As Behravesh later wrote, “The policy derives a good deal of its appeal from a pro-underdog religious ideology and identity, and is mainly used as a discursive and political tool to boost and back up what has gradually transformed into a security provision and power projection strategy.”
From Iran’s standpoint, its policies in Yemen since 2015 have served it well. Today, the Houthis (and by extension Iran) have certainly taken the upper hand in Yemen’s war, underscored by Ansar Allah’s control of almost all of northern Yemen.
Iran is currently quite confident about the situation in the war-torn Arabian country and sees easy ways to capitalize on either a continuation of warfare or a diplomatic settlement. Put simply, more warfare will offer Tehran a chance to continue making the Saudis bleed and suffer from increasingly sophisticated Houthi attacks. This is all with a relatively tiny bill for Iran to foot.
“If Saudi Arabia and the US maintain their view of recent years that Iran should play zero role in Yemen and the Houthis must be militarily defeated at all costs, Iran will continue its own interference in Yemen,” said the National Iranian American Council’s Sina Toossi. “Given the direction the war is heading in, this will have far greater costs for Saudi Arabia.”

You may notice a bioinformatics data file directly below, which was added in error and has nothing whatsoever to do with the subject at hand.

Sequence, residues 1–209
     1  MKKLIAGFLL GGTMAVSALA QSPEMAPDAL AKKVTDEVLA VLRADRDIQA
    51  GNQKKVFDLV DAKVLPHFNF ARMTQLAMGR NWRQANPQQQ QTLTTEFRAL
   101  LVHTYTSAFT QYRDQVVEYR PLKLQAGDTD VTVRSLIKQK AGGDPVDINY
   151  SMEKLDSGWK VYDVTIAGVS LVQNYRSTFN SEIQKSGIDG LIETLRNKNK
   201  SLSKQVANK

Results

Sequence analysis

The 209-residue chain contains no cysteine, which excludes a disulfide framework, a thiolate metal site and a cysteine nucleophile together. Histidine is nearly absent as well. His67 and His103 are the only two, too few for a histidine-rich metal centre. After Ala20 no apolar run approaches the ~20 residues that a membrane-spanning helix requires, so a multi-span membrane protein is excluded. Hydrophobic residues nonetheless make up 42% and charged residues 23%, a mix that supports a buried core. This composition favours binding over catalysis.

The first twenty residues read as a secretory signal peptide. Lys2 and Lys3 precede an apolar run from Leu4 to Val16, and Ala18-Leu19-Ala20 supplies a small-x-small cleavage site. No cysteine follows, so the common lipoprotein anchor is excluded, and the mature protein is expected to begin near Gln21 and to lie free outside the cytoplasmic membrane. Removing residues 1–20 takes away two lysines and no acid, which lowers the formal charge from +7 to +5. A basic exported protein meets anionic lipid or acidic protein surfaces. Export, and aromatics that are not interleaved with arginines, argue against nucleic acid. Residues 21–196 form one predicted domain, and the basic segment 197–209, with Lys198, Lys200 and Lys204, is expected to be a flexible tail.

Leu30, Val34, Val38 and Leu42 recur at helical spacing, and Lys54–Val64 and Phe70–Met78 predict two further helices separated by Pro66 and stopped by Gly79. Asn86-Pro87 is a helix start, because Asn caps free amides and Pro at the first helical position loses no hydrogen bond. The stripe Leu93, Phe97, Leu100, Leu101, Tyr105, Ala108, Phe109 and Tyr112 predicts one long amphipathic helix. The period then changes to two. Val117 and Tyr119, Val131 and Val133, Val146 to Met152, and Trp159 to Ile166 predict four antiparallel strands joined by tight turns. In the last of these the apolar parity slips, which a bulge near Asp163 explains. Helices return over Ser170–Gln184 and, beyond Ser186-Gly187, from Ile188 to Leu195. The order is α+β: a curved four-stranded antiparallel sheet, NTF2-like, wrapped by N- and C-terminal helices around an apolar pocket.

Economic aspect in war: Indeed, financially speaking, the costs of intervention in Yemen have been much higher for Riyadh than Tehran.
In 2018, Dr. Thomas Juneau, an assistant professor at the University of Ottawa, estimated that annually the Iranians likely spend some amount of money in the tens of millions per year on the Houthis – almost not even comparable to the tens of billions which Riyadh has spent each year on this war.
“The war is a very expensive burden for the kingdom, a humanitarian catastrophe for Yemen, and a geostrategic advantage for Iran” is how the Bro-okings Intelligence Proje-ct’s Bruce Riedel put it.
The kingdom’s image: “Soft power” and the war of narratives matter a lot too. Riyadh’s international reputation has suffered immensely from Yemen’s humanitarian disasters. Although Tehran and its Houthi clients have contributed to Yemen’s problems and human suffering, Saudi Arabia has lost the publicity war on a global level. Iran has played the media war to its advantage.